Second, the researchers say that the main concern is that FragAttacks could be used to launch attacks against vulnerable devices on a Wi-Fi network. Unfortunately, many smart home and IoT devices—especially those created by strange fly-by-night brands that don’t provide long-term support for their devices—do not regularly receive updates. A cheap, inexpensive smart plug or smart light bulb from an unknown brand may be easy to attack. In theory, this “shouldn’t matter” because that device is on a trusted home network—but FragAttacks offer a way to bypass the Wi-Fi network’s protection and attack a device directly, just as if the attacker were connected to the same Wi-Fi network as the device.

It’s more confirmation of the importance of security updates: The devices you choose to use should be from reputable manufacturers that provide security updates and long-term support for their hardware. This even applies to cheap Wi-Fi-enabled smart plugs. Secure your smart home.

What’s the Actual Risk?

First of all, as an attack against Wi-Fi, an attacker would have to be in the radio range of your network—in other words, in your physical vicinity—to execute an attack that used FragAttacks. In other words, if you’re in an apartment or a dense urban area, there are more people nearby and you’re at a somewhat higher risk. If you live somewhere without other people around, you’re very unlikely to be attacked.

Corporate networks and those of other institutions that might be high-value targets are clearly more at risk than an average home network, too. As of the disclosure of these flaws in May 2021, the researchers said there was no evidence any of these flaws are being exploited in the wild. So far, they appear to just be theoretical problems—but the public disclosure increases the risk that people will use them to attack networks in the real world.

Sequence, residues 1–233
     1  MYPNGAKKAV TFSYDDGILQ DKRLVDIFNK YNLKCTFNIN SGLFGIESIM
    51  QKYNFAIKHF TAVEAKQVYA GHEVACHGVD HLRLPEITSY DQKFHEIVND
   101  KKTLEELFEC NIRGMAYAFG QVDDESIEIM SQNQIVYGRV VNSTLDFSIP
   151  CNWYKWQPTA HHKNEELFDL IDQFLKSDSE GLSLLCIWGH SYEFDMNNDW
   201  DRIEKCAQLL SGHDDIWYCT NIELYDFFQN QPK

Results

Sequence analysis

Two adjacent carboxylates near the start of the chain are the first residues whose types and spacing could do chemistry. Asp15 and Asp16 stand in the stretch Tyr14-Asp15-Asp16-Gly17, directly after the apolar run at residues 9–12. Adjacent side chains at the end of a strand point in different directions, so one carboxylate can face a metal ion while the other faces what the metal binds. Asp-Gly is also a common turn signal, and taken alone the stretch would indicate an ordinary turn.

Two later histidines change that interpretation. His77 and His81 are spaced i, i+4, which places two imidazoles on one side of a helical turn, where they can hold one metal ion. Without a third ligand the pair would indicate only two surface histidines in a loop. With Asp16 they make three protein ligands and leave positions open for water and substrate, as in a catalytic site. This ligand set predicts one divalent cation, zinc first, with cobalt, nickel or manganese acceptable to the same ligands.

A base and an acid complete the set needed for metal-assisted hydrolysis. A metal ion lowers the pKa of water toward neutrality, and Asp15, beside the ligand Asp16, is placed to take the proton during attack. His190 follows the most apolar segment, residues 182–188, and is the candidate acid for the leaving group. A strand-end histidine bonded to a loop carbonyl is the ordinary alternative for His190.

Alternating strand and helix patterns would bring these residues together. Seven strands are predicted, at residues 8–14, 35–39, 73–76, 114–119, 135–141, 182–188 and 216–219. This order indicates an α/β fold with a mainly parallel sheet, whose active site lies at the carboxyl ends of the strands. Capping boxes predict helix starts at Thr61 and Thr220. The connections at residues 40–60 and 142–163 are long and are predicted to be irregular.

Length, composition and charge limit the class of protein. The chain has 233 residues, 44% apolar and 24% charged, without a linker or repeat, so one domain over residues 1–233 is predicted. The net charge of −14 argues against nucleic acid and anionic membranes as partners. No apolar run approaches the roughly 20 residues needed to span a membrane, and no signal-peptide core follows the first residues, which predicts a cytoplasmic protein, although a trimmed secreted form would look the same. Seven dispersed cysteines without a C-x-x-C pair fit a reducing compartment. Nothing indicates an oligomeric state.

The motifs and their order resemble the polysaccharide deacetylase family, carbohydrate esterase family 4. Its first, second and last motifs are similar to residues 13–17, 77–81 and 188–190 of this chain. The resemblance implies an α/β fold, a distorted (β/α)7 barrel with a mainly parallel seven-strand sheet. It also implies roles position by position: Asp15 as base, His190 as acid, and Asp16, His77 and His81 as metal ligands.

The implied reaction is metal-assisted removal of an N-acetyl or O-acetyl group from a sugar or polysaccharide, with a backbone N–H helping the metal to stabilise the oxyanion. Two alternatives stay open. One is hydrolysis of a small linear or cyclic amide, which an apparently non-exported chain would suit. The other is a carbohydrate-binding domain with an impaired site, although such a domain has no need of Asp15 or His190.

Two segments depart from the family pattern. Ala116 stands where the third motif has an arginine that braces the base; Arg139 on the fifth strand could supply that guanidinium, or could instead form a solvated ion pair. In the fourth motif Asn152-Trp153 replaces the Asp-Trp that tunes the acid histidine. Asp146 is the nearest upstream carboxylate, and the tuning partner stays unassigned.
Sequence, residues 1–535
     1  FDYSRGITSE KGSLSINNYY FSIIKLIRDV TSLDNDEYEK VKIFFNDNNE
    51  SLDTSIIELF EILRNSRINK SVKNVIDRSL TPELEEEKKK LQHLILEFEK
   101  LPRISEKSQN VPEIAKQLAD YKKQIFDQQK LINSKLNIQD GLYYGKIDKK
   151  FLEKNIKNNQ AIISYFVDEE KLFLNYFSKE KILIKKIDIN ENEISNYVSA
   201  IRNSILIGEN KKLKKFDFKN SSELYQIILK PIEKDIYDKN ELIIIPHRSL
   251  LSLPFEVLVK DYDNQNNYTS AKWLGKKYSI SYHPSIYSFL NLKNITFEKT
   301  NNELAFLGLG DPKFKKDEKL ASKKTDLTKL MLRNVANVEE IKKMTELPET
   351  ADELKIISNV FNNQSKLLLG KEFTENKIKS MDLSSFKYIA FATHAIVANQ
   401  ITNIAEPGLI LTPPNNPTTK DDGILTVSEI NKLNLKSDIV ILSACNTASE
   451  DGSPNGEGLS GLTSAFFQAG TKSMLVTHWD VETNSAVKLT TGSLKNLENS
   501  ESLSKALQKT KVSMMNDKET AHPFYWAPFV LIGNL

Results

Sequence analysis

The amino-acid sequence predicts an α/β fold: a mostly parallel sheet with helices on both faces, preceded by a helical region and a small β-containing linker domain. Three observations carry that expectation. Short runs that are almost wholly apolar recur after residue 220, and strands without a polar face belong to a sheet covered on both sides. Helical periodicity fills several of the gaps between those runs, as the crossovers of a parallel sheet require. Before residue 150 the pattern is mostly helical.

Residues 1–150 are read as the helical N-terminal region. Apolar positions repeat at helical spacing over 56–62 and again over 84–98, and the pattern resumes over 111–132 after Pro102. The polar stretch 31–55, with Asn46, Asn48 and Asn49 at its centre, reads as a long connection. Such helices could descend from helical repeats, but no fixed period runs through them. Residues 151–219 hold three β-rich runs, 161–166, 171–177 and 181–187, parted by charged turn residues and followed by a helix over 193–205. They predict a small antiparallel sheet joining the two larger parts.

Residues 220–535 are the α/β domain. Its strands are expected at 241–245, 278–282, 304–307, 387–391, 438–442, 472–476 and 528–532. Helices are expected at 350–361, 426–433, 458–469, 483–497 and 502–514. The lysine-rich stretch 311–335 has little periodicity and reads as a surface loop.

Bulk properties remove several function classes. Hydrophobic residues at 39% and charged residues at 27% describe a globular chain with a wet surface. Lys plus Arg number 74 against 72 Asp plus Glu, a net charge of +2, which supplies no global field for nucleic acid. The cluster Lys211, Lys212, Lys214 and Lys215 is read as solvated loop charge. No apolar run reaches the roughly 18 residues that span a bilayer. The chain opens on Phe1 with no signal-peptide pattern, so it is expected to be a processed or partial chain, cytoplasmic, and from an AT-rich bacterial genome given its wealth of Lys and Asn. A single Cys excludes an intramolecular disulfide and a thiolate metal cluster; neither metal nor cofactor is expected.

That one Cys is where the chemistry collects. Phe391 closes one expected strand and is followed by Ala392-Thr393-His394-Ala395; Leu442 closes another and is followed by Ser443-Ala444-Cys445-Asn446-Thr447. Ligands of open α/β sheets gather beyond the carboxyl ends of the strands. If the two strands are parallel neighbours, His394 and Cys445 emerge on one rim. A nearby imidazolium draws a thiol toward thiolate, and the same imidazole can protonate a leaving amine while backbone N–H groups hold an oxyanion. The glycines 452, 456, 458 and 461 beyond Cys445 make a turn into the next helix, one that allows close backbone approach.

So FragAttacks are a problem, but remember, this isn’t a “wormable” attack that can spread like wildfire over the internet—an attacker would have to be near you and target your network to attack your smart home devices or try to capture sensitive data. It’s very important that this flaw is disclosed and that device manufacturers issue software patches for existing devices and ensure future devices are protected, of course. And there are some things you can do to protect yourself.

How Do You Protect Yourself?

Thankfully, standard best practices for keeping your devices and network safe will also help protect you against FragAttacks. Here are the top three tips:

First, ensure the devices you’re using are getting security updates. If you’re still using a Windows 7 PC or an old version of macOS that isn’t getting updates, it’s time to upgrade. If your router is getting long in the tooth and your manufacturer never plans on updating it again, it’s time for a new router. If you have smart plugs or other old devices that aren’t getting firmware updates and likely have security flaws, you should replace them with something new.

Second, install those security updates. Modern devices will generally automatically install updates for you. However, on some devices—like routers—you have still have to click an option or tap a button to agree to install that update.

Third, use secure encryption. When signing in online, make sure you’re on an HTTPS site. Try to use HTTPS whenever possible—a browser extension like HTTPS Everywhere can help, but it’s much less necessary now that most websites you visit likely automatically use HTTPS if it’s available. Firefox can even be configured to warn you before loading websites that aren’t encrypted with HTTPS. Also, try using secure encryption everywhere: Even if you’re just transferring files between devices on your local network, use an application that offers encryption to secure that transfer. This will protect you from FragAttacks and other potential future flaws that could bypass your Wi-Fi encryption to spy on you.

Of course, a VPN can route all your traffic through an encrypted connection, so it gives you extra protection against FragAttacks if you have to access an HTTP website (or another unencrypted service) and you’re concerned about the network you’re currently using.